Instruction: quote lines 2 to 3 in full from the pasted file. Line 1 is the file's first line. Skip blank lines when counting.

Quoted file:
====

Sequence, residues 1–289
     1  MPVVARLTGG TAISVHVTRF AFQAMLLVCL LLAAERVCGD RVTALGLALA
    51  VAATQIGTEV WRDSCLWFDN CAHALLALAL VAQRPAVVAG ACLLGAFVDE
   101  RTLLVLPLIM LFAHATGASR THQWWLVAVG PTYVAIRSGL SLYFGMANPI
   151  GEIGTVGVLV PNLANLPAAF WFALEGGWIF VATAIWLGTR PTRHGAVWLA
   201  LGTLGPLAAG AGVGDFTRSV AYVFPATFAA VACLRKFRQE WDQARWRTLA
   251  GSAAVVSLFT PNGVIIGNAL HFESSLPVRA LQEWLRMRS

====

     1  MPVVARLTGG TAISVHVTRF AFQAMLLVCL LLAAERVCGD RVTALGLALA
    51  VAATQIGTEV WRDSCLWFDN CAHALLALAL VAQRPAVVAG ACLLGAFVDE